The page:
COVID-19 pauses regulatory battles for insurers
19 June 2020: Insurance Asset Risk editor Vincent Huck writes for ICAEW that Insurers have seen a halt to political wrangling over fundamental regulation, but for how long?
After the global financial crash, the government introduced regulation to make sure insurers did not run out of money, called Solvency II.
On 8 July 2019, several amendments to how insurers calculate their solvency capital came into force. Among these changes, a new asset class, long-term equity investment, was introduced but with a capital charge of 22%. Some see it as an opportunity for European insurers to ramp up their investment in private equity.
However, others are less convinced of the attractiveness of the change, which requires insurers to hold the equity for at least five years, and they argue insurers might want to be more tactical on their equity holdings.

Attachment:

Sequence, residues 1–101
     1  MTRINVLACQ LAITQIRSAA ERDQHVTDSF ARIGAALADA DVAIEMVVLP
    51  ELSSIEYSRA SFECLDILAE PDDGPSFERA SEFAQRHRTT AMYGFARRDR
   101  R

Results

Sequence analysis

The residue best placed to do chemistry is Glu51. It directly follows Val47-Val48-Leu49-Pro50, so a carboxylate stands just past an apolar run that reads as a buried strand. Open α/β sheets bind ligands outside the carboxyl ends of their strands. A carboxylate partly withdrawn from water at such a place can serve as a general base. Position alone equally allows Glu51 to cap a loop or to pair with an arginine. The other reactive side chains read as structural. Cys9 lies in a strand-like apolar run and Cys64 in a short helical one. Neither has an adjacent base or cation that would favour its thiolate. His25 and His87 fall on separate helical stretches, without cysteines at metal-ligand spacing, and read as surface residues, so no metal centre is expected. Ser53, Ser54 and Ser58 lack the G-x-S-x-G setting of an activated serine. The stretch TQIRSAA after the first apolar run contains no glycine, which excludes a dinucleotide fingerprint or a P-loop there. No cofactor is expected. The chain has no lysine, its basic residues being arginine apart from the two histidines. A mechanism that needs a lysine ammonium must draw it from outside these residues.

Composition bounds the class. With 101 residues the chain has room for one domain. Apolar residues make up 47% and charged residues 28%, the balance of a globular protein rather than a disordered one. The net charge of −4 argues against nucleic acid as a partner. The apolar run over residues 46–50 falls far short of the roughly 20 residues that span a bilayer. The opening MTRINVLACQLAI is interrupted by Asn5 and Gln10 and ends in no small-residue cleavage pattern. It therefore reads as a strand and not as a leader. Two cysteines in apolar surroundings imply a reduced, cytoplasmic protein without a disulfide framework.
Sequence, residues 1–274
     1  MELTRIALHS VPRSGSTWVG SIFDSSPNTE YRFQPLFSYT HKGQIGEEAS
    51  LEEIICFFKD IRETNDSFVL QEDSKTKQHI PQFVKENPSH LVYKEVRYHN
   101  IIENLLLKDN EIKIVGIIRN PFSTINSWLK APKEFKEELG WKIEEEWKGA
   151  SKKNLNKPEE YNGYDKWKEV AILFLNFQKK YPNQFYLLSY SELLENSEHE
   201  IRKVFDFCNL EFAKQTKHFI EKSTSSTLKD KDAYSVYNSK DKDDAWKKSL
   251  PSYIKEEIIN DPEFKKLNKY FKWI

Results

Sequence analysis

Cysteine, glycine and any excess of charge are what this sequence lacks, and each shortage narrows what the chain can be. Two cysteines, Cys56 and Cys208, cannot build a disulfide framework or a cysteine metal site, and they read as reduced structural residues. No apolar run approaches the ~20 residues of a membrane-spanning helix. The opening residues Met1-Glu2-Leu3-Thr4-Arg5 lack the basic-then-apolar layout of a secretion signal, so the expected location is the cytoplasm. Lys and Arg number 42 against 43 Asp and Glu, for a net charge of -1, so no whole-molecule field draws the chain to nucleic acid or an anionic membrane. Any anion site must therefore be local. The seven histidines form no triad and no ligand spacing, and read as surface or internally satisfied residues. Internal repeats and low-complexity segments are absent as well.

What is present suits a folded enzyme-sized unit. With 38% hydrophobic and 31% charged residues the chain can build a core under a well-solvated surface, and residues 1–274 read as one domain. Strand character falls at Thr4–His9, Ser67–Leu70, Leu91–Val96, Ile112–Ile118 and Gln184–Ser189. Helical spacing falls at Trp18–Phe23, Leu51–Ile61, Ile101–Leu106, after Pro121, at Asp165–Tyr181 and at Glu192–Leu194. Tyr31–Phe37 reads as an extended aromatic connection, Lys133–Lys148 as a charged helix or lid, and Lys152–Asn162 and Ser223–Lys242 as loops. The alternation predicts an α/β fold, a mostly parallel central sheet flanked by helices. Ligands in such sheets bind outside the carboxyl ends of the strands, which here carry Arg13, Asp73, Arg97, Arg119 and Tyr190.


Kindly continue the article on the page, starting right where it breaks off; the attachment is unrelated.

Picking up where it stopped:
The arguments around insurers’ equity holdings reveal the political nature of Solvency II regulation.
The European regulator, European Insurance and Occupational Pensions Authority (EIOPA) has historically been against lowering capital charges for equity because it thinks these investments are very volatile. Despite that, the European Commission introduced it, because of a strong political push, particularly from the European Parliament.
The French, along with the Dutch, were the driving forces behind the change and are leading the charge to review the calibration of capital charges for insurers’ equity investment further, in the next review due to take place in 2020.
At the end of 2019 and start of 2020, EIOPA and the insurance industry started a war of words which promised a well-fought battle during the review process.
COVID-19 has halted the regulatory process – but the battle is only delayed and not cancelled.
You can read more about the challenges insurers face in managing their equity holdings here.